Robert Korzeniowski in the 50km race walk at the 2003 IAAF World Championships in Paris (© Getty Images)
The countdown to the IAAF Race Walking Team Championships Taicang 2018 continues with our series looking at the finer details of the discipline. In this latest instalment, race walking legends Jefferson Perez, Robert Korzeniowski and Jane Saville explain the leg straightened rule.
Can you explain the importance of the leg straightened rule?
Jane Saville: Essentially, it is what differentiates race walkers from running when you are looking at technique. The leg must be straightened when it makes first contact with the ground until it passes the vertical upright position under the body. If judges deem race walkers are not walking with a straightened leg, then they are penalised.
To be honest, I don’t know how anyone could walk with a bent knee – it is running. The straight leg is an important and integral part of race walking.
Robert Korzeniowski: It looks very simple and ergonomically it is wise for athletes to straighten the leg because it is a dynamic action. The energy transfer you get back allows for more forward body motion. If the knee is bent – like when running – the motion is up and down.
I try not to tell young race walkers about the straightened leg because for many it comes naturally anyway. However, about 10 to 15 per cent of people are not capable of straightening the leg because of a lack of elasticity in the hamstrings and glutes.
Is there any form of specific training which can be carried out to ensure a straightened leg?
Jefferson Perez: Yes, lots of stretching. During my career, I tried to do up to two hours of stretching every day. Another exercise I carried out was walking in a figure of eight. Because of the tight turns, this exercise helps works the hips and emphasises straightening the knee.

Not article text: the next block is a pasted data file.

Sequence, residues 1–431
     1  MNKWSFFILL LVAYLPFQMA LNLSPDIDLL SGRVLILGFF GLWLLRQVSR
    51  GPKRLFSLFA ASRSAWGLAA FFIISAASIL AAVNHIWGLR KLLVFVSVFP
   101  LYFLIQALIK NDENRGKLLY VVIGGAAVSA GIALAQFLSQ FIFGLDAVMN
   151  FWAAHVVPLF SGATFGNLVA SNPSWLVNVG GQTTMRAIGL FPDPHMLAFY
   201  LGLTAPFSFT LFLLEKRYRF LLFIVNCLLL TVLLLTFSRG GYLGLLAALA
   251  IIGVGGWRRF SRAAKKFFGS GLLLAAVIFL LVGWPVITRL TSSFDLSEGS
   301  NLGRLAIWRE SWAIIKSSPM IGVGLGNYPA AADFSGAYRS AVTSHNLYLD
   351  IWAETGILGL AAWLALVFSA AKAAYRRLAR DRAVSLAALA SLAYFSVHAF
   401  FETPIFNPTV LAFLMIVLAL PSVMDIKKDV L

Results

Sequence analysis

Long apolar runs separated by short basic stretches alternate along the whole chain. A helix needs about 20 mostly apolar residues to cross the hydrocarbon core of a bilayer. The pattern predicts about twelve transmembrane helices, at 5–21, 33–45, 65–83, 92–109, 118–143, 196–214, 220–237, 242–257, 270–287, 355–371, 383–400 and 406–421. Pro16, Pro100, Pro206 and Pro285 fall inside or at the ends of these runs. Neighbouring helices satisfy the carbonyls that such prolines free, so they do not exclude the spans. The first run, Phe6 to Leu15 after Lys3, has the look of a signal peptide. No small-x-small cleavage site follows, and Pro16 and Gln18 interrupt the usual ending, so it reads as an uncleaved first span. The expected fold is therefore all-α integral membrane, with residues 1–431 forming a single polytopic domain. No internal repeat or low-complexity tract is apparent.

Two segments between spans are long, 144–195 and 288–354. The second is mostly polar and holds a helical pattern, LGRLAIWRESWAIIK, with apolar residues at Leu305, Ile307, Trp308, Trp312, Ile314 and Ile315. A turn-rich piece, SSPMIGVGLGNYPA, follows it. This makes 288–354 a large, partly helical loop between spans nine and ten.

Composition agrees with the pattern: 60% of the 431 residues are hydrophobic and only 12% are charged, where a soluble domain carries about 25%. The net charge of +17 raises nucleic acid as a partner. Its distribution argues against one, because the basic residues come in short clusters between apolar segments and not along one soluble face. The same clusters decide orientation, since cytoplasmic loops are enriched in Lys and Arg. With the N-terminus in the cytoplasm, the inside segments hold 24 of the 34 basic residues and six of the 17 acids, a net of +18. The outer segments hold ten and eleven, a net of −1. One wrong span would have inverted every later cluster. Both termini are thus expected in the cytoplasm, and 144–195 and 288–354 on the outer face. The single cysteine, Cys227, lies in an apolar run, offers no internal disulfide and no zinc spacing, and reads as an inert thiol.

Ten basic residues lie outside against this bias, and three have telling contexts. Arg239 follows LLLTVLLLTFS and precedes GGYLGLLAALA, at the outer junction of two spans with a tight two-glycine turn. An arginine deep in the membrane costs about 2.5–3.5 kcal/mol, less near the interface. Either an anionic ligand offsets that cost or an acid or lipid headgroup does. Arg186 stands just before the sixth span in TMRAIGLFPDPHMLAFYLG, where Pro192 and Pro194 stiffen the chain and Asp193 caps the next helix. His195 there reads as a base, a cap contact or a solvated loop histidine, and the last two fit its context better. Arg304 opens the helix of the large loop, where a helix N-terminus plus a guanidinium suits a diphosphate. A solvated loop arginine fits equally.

I personally never picked up a red card for a non-straightened leg, but I worked hard on stretching and many additional areas; on massage, body and mind. I normally stretch both before and after training.
What advice would you give younger race walkers about the leg straightened technique?
JS: I try to tell race walkers not to over-think the technique. Sometimes if you tell them the rules, they end up walking like a stick-leg man. The straightened leg is often a natural action and over time they will improve their speed.
Can the action create extra stresses on the leg?
RK: Race walking is all about hip balance. The important thing is to master the point of contact with the heel, gain the maximum forward motion and keep in contact with the ground. If this is carried out properly then there shouldn’t be too much stress on the leg or violent impact.
JS: It can impact on the back and hamstrings. Even today I can’t sit down for too long without my hamstring and back aching. Strengthening this area is key to avoiding any issues later in life.
Steve Landells for the IAAF